There have been quite a few wars in the history of the commercial Internet. But I think that we are gearing up for the start of the biggest one yet in 2011. Before I get to that a brief review of some of the past battles is needed.
The 1st Browser War
Perhaps the most infamous war of all. Netscape versus Microsoft. In 1996 Netscape Navigator dominated the Web. Over 80% of the browser market. Mark Andreessen was the poster child of the Internet. Microsoft's launched Internet Explorer and offered it for free with marketing dollars available to companies that distributed it. They bundled IE with Windows. With the exception of a little anti-trust lawsuit the battle was over. Microsoft was the clear winner with over 90% market share by 2002.
The Retail War
About the time Andreessen was posing for magazine covers in his shorts, Jeff Bezos was founding Amazon. Not so much of a war as the execution of a Manifest Destiny. Amazon today is by far the largest online retailer.
The Access War
In the early days of the commercial Internet there was a land rush to get people online. America Online, now AOL, won this battle by spewing discs across America. At it's apex AOL had a 34% market share, over four times that of EarthLink, it's closest competitor.
The Search War
In 1998 while AOL, Excite, MSN, Yahoo! and a few others were battling the portal wars a company called Google was formed. While portals focused on content aggregation, communications (email and instant messaging), and search, Google just wanted to do one thing. Search. They win building to over 70% market share. AOL, MSN, and Yahoo! remain major traffic destinations.
The Social War.
Jonathan Abrams and Peter Chin of Friendster. Reid Hoffman of LinkedIn. Tom Anderson, Josh Berman, Chris Dewolfe, and Brad Greenspan of MySpace. Jack Dorsey, Biz Stone, and Evan Williams of Twitter. Have any of these guys been named Time Person of the Year? No. But Mark Zuckerberg has. He and Facebook have much more than our minimum amount of attention. And Facebook has over 60% market share.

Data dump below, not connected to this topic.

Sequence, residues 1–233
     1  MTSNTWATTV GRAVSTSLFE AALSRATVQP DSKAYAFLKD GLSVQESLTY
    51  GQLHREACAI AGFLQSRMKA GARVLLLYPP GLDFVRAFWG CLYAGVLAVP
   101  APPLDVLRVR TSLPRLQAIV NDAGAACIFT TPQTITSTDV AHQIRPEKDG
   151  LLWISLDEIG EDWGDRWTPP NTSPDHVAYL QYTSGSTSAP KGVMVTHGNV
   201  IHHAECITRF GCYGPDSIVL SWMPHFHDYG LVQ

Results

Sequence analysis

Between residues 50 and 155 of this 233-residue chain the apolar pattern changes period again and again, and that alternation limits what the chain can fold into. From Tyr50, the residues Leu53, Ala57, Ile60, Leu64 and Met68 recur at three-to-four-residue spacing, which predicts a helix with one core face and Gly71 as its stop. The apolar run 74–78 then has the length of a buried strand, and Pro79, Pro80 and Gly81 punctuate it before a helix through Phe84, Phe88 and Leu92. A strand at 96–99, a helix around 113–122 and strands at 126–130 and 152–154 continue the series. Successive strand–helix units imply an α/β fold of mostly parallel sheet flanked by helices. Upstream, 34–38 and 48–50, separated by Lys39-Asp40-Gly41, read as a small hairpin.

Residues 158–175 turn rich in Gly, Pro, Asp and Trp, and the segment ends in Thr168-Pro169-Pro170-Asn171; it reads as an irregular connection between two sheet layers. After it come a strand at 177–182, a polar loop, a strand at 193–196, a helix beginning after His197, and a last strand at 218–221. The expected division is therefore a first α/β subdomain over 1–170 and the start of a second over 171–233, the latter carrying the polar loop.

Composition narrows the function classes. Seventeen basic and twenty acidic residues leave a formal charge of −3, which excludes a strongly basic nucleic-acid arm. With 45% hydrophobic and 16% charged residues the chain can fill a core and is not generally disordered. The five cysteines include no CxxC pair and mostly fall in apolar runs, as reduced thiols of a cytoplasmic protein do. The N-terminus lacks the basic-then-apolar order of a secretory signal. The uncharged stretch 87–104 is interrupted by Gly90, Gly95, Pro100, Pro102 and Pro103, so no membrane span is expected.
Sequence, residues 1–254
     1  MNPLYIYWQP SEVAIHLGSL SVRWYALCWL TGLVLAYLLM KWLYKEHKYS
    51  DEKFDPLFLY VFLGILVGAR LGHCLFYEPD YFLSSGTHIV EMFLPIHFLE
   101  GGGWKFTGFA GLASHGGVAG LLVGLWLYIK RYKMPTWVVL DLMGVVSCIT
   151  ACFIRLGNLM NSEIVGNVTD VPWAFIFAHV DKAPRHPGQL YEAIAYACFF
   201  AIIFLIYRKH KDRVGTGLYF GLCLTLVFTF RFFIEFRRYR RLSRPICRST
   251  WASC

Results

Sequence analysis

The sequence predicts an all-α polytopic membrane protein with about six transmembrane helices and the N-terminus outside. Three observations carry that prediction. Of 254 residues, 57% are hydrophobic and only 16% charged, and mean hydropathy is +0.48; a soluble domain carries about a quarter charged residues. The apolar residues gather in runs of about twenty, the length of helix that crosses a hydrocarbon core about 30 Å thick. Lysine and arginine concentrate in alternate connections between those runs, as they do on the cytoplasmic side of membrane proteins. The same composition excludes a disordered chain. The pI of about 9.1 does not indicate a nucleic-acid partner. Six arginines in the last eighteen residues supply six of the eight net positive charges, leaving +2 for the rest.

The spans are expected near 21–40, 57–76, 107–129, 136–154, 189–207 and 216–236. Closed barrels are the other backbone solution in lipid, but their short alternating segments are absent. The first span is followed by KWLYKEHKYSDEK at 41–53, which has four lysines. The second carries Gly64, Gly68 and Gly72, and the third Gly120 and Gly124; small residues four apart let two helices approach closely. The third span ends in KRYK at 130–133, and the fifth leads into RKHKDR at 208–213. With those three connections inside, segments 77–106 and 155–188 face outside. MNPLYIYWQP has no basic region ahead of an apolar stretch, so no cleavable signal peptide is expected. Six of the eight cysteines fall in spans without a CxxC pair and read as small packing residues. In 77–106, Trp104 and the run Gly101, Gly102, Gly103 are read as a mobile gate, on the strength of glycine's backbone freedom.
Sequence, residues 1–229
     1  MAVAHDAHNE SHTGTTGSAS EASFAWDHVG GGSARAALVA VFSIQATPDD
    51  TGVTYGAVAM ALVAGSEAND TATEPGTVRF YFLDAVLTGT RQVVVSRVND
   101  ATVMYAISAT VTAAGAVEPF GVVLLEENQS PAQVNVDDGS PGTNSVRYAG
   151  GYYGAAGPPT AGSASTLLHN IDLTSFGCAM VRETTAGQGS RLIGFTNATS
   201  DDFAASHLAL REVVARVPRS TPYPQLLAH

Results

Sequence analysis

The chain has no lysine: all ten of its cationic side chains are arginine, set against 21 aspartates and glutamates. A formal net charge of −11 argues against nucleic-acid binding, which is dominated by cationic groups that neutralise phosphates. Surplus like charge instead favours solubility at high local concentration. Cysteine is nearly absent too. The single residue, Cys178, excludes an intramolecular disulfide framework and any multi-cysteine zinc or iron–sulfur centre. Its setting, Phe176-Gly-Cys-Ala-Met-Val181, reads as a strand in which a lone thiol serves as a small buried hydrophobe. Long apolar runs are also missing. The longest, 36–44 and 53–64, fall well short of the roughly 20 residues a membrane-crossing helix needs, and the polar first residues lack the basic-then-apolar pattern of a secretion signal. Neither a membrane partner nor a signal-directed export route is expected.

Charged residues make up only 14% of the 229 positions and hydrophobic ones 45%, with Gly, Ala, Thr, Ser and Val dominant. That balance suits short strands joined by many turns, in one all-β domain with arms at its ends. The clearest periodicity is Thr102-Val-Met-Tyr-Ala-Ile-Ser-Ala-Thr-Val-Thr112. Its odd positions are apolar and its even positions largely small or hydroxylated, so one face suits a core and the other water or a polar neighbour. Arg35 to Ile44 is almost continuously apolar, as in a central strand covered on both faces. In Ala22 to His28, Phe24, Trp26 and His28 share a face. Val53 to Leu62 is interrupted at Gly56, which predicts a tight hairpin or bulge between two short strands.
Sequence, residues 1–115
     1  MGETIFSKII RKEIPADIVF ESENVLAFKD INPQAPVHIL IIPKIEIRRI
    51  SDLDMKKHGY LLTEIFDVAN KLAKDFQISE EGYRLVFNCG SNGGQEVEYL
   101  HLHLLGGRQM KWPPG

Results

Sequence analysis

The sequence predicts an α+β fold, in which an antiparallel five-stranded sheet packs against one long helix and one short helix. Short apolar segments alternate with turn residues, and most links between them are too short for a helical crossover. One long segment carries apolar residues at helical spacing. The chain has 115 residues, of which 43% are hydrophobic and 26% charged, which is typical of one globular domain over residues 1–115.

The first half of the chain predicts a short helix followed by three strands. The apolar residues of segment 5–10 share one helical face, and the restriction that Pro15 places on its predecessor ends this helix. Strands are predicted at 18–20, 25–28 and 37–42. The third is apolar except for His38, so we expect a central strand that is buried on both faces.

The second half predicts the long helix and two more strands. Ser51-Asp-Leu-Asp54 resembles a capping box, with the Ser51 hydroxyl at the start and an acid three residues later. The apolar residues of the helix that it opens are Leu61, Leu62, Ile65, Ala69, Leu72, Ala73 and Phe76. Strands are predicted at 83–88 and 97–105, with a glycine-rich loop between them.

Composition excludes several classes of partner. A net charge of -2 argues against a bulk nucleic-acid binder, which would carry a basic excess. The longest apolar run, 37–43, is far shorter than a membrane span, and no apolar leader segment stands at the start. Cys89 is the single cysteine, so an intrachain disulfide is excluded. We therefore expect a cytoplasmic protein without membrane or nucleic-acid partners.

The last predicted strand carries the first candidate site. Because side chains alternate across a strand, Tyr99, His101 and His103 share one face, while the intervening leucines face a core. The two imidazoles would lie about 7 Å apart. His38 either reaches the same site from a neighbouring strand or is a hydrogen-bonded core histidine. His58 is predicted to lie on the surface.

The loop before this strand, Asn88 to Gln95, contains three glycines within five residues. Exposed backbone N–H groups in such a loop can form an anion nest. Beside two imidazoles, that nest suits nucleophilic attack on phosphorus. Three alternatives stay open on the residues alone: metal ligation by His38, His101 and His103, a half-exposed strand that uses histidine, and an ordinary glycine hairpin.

The Mother Of All Internet Wars
Look at the companies that came out on top in these battles. Microsoft, Amazon, AOL, Google, and Facebook. These companies have a combined market capitalization of over $500 billion. And there is another little company out of Chicago called GroupOn with a $15 billion valuation that is in the scrap too. And they are all, along with every media company known to man, starting to turn their resources to one thing.
You can call it local. You can call it mobile. You can call it location. It does not really matter what you call it. All of these powerhouses are going there. Why? Because the the local daily deals market is projected to be over $10 billion in 2015 and the mobile advertising market is projected to be over $2.5 billion in 2014.
The Internet gorillas are marshaling their forces in preparation for this battle. Amazon invested $175 million in SocialLiving and did 1.3 million transaction in their first joint deal. AOL launched Wow. Google, who reportedly offered $6 billion for GroupOn and was told "no thank you", to my thinking is willing to invest at least twice that amount in the space, and is creating Google Offers which in some way has to integrate Google Places in the future. Facebook has created its own Places and Deals, offering up the latter to retailers at no cost. GroupOn (and a big BTW, if someone offers you $6 billion for your startup, take it) is keeping pace with GroupOn Stores and DealFeed. Microsoft, rarely first to enter but always a major combatant before the dust settles, has yet to show its hand (beyond a little $240 investment in Facebook that seemed a little wacky until they agreed to make search social.)
This is going to be fun. But I am not sure, unless you already have some well established position to defend (good for you) or a new and step function better technology that can focus on a specific vertical (bring it on) that I would want to enter the battle at this point. It's going to be a big one and a lot of startups are going to get killed.